The Summit on Data-Smart Government Brings Civic Analytics Leaders to Cambridge

By Jessica Gover • December 21, 2017

Last month, the Ash Center at Harvard Kennedy School hosted the inaugural Summit on Data-Smart Government, convening nonprofit, government, and academic leaders to share lessons, insights, and challenges from communities across the US and world. The Summit covered topics ranging from how local governments are using data analytics to address the opioid crisis to the importance of establishing cross-sector partnerships to ease the challenges of modernizing transportation systems.

The Summit sold out well in advance of the event and featured more than thirty sessions, plenaries, and lightning talks. The Summit was presented by the Civic Analytics Network (CAN), a peer network of leading urban chief data officers who convene at Harvard twice each year, participate in regular communication, and collaborate on critical issues in data-driven governance.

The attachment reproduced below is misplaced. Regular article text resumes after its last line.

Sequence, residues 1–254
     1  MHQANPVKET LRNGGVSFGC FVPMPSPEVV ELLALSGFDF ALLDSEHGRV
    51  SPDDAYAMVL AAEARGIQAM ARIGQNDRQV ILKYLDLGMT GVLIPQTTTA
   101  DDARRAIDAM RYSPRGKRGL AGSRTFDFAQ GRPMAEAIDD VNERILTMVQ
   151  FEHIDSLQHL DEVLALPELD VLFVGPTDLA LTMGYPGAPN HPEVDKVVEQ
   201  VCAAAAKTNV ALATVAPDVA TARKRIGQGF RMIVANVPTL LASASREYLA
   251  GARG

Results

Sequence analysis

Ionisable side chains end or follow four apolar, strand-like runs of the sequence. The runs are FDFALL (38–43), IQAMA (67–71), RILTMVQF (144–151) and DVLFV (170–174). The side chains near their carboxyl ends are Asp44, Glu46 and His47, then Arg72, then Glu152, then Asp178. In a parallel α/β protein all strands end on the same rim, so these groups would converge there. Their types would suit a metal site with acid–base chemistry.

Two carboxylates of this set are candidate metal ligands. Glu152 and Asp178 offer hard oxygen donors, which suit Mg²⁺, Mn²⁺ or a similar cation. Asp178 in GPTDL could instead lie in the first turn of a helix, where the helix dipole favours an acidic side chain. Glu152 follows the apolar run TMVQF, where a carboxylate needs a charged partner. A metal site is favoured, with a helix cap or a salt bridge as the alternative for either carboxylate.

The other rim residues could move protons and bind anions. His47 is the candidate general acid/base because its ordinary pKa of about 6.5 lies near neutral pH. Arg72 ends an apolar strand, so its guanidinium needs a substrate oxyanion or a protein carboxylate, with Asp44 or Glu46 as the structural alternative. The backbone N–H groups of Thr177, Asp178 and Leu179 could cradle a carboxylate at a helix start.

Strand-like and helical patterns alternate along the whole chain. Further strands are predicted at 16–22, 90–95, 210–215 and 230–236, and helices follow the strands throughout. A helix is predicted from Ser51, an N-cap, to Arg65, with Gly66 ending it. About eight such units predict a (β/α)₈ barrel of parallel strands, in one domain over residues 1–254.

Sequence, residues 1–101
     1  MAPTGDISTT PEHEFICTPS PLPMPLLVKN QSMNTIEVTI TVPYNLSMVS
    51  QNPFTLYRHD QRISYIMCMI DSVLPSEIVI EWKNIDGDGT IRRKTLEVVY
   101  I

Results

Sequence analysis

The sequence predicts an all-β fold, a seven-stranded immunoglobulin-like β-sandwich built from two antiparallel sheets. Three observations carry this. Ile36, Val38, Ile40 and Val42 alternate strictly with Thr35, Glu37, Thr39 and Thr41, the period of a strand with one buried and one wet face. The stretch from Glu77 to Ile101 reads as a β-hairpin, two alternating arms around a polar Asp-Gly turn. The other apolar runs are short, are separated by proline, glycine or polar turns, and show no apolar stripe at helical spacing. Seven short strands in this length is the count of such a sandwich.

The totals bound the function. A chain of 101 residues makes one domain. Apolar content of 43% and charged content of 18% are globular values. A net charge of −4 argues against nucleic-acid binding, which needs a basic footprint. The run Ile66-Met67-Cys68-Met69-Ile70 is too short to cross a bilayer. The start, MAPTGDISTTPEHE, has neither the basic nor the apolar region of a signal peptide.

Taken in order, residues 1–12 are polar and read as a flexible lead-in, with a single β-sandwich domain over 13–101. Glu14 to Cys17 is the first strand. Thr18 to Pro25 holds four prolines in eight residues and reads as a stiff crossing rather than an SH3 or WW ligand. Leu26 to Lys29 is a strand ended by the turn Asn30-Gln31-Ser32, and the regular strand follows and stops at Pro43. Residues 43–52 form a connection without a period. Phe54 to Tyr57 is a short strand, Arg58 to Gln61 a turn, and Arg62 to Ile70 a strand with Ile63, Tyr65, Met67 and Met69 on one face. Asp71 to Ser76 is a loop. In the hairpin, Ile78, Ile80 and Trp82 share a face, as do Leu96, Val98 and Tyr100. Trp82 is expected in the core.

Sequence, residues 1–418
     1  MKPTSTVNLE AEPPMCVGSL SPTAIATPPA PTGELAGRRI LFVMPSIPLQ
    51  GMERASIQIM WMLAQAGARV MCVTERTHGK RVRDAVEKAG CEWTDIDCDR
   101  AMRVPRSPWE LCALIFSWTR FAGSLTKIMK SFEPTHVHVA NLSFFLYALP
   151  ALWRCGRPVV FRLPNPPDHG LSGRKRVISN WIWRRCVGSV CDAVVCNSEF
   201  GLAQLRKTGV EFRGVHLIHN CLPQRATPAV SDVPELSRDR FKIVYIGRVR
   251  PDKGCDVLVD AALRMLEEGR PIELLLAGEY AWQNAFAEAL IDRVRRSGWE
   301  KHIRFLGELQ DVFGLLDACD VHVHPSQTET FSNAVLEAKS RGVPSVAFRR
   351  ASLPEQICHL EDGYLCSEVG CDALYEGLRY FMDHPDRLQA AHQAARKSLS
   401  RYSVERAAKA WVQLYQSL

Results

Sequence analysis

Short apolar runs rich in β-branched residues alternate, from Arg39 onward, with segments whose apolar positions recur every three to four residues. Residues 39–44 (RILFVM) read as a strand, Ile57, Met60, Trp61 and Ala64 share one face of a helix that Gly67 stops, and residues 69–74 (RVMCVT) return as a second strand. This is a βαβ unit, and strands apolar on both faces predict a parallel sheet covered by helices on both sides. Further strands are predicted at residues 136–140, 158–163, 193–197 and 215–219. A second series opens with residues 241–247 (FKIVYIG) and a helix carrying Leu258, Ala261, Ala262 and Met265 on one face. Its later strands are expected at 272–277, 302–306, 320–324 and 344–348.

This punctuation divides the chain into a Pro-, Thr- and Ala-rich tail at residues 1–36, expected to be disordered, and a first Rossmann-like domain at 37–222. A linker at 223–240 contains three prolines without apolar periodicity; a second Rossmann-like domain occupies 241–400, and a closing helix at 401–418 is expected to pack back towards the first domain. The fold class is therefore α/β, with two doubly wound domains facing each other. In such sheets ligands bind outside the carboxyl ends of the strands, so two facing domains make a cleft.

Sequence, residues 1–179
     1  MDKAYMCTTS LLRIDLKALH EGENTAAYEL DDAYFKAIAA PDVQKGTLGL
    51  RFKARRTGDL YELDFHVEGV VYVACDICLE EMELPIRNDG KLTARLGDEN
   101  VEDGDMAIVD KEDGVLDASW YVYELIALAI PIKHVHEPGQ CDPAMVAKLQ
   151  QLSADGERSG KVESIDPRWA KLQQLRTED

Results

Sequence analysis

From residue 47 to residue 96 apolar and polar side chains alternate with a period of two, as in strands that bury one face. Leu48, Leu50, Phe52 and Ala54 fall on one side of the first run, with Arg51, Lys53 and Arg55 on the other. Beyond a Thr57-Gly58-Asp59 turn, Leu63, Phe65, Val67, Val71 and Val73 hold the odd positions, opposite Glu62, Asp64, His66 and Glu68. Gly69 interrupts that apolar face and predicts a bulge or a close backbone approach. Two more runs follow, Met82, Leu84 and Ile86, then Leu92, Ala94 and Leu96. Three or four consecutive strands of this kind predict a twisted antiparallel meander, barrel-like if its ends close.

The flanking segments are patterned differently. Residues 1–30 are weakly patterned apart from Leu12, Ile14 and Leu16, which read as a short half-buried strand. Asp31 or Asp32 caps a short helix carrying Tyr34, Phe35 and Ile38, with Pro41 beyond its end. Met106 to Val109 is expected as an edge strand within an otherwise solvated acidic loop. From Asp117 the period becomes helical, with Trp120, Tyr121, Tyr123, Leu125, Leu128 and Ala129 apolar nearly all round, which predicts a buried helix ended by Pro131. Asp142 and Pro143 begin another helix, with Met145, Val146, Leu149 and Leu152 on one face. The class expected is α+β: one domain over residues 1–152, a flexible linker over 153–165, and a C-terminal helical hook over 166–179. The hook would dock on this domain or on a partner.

Since the inception of CAN, the job of chief data officer has expanded, with new iterations of the position appearing at all levels of government across the country. Stephen Goldsmith said, “The necessity of the role of the CDO in government is rapidly expanding across the country, and we hope that this Summit will be a launching point for data-smart government innovators to forge connections across this growing community of analytics leaders and to develop new solutions to the toughest challenges in our communities.”

In the coming weeks we will post slides, video recordings, and related content from the Summit sessions on the Data-Smart City Solutions website. Please stay tuned!

About the Author

Jessica Gover

Jessica A. Gover is a Research Assistant and Writer for the Civic Analytics Network. Prior to joining the Ash Center, she conducted research on new approaches to tech-enabled innovation in the U.S. federal government, focusing particularly on the executive branch, as well as innovative public-private partnership models in the U.S. and New Zealand. Her work for the Civic Analytics Network is informed by research interests ranging from democratic governance to regulatory policy to civic engagement to cross-sector partnerships. She holds a Master's degree from the University of Chicago and received her B.A. at Trinity College.